Equipment and Supplies Needed:
- Oyster mushroom spawn
- Growing medium (typically a combination of straw and sawdust)
- Large bags or containers for cultivation
- A sterilizing agent (such as a pressure cooker) or boiling water
- A spray bottle for water
- A knife
- Gloves and mask (optional, for those who may be sensitive to spores)
Step 1: Preparing the substrate
The substrate is what the mushrooms grow in. Oyster mushrooms grow best on straw but can use other materials like coffee grounds, cardboard, and more.
- Chop straw into 1-2 inch pieces.
- Sterilize straw with boiling water or use a pressure cooker if available. This kills off any competing organisms.
- Let the straw cool and drain.
Step 2: Inoculating the substrate
This is where you introduce the mushroom spawn to the substrate.
- Mix the spawn and the straw together thoroughly.
- Pack the mixture into your growing bags or containers, but not too tightly. You want air to be able to circulate.
Step 3: Incubation
Now, the mushrooms need to colonize the substrate. This takes place in the dark.
- Place your bags in a dark area with a temperature around 20-24 degrees Celsius (68-75 degrees Fahrenheit).
- It will take 1-3 weeks for the mycelium to colonize the substrate. The bags will turn a white color as this happens.
- Do not disturb the bags during this time.
Step 4: Fruiting
Once fully colonized, the mushrooms are ready to fruit.
- Cut small slits or ‘x’s into the bag. This is where the mushrooms will grow from.
- Move your bags to an area with indirect light, fresh air, and a humidity of around 70%.
- Spray the bags lightly with water once or twice daily. The goal is to keep the area around the slits moist, not soaking wet.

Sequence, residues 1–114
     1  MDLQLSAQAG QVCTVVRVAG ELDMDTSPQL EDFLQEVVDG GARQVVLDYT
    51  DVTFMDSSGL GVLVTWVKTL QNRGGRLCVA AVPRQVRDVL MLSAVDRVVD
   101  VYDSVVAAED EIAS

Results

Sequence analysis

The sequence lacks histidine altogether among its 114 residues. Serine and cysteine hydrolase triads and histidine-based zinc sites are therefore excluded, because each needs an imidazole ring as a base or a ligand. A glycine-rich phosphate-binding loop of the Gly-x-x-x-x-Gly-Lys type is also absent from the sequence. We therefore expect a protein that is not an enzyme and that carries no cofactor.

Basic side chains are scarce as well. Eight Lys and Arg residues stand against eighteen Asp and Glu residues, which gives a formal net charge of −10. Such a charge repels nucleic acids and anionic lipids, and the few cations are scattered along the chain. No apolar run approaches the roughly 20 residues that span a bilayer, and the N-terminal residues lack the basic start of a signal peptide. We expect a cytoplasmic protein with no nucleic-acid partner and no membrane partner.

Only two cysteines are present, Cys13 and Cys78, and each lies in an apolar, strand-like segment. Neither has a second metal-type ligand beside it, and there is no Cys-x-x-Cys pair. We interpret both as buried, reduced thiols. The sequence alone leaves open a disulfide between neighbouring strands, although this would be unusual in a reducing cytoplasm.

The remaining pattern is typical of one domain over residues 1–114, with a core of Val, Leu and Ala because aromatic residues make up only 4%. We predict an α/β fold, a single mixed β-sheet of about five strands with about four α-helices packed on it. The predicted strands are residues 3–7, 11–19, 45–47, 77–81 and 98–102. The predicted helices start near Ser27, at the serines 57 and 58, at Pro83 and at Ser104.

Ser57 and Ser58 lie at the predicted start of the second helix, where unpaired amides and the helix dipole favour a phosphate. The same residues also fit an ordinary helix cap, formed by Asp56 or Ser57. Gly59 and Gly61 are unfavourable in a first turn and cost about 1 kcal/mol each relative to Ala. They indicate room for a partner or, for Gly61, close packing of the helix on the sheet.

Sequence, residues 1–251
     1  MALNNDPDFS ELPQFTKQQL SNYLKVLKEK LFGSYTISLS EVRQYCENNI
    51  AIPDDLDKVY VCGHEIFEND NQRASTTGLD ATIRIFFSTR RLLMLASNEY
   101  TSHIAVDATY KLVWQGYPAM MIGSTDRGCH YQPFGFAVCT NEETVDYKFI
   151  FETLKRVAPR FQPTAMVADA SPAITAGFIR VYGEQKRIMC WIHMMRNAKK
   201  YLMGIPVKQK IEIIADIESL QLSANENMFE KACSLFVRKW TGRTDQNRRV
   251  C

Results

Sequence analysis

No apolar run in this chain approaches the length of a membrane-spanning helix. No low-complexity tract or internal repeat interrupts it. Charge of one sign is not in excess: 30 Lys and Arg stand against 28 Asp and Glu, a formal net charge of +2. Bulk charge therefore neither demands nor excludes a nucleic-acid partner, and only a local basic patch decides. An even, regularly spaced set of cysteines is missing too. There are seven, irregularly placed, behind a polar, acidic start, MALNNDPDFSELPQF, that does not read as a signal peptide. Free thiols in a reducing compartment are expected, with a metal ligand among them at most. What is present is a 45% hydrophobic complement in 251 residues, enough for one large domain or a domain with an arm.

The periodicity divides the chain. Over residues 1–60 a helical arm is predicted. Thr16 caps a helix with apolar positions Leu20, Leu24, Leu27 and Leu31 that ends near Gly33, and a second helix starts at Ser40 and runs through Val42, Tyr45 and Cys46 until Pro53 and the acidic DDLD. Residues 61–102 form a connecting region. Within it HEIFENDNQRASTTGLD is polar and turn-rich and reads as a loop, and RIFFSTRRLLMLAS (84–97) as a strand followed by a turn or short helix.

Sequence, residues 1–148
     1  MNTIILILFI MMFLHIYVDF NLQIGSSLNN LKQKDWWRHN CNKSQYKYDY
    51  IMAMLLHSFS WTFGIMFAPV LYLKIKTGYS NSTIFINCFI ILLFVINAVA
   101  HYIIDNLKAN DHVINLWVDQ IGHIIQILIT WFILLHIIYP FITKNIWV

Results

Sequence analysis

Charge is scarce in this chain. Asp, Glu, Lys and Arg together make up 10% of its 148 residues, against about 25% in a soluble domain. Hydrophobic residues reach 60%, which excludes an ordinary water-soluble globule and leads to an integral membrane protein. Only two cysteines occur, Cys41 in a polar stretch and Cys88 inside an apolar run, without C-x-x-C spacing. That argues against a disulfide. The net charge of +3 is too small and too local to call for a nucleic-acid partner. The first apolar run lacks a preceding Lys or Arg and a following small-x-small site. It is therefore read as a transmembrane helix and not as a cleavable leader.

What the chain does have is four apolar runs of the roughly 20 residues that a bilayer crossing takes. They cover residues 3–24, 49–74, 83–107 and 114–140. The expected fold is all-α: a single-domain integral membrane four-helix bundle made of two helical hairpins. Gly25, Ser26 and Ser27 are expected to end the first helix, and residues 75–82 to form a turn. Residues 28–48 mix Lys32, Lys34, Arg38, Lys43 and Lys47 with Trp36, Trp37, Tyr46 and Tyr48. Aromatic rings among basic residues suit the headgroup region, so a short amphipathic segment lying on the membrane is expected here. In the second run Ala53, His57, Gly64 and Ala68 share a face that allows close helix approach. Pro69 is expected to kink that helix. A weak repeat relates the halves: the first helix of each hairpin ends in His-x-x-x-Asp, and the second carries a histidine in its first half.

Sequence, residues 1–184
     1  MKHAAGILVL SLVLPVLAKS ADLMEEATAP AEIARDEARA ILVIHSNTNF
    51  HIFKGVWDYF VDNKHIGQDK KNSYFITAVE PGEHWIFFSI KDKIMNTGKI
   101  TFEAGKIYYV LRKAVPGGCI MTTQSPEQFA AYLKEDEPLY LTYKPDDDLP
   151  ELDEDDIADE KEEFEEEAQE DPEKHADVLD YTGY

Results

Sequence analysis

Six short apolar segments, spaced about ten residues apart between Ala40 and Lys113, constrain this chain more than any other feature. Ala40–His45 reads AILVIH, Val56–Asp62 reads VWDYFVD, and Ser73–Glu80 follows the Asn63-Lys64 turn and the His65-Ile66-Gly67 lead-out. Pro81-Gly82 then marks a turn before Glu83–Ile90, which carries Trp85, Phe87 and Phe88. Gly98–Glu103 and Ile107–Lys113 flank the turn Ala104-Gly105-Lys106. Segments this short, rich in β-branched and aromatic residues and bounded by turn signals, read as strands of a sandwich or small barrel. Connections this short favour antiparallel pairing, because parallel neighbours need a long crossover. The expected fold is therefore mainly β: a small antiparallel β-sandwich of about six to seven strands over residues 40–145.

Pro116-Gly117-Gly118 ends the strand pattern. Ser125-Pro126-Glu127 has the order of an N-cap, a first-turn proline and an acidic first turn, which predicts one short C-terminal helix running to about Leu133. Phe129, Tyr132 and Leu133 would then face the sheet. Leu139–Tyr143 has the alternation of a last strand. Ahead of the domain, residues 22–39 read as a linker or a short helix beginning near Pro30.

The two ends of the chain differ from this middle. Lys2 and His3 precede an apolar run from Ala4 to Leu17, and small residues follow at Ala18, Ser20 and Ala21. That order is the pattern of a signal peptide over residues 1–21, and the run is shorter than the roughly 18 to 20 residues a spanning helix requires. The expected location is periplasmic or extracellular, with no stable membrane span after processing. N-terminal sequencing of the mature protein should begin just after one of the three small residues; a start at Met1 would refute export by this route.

- In 1-2 weeks, you should see mushrooms begin to form.
Step 5: Harvesting
When the caps of the mushrooms have turned up and are no longer concave, they’re ready to harvest.
- Grasp the mushroom at the base of the stem.
- Twist gently to remove it.
- Immediately place it in a refrigerated environment to maintain freshness.
Step 6: Subsequent flushes
Oyster mushrooms can have several flushes (growth cycles).
- After the first harvest, let the bag rest for a week.
- Start spraying the bag again, and another flush should begin.
- Repeat this process until no more mushrooms form.
Remember, cleanliness is crucial in this entire process. Always ensure your equipment is sterile and your hands are clean while handling the spawn and substrate. This decreases the chance of contamination and increases your chances of a successful yield.
If you see green or black mold on your substrate, this is a sign of contamination. You’ll need to discard the entire bag if this happens. Other colors, like blue or yellow, can be signs of different stages of mycelium growth and are typically not a problem.
If your mushrooms are not growing, ensure that they have the right conditions. Temperature, humidity, fresh air, and indirect light are all crucial for their growth.
This is a very basic guide to mushroom cultivation. There are many more intricate methods involving temperature and humidity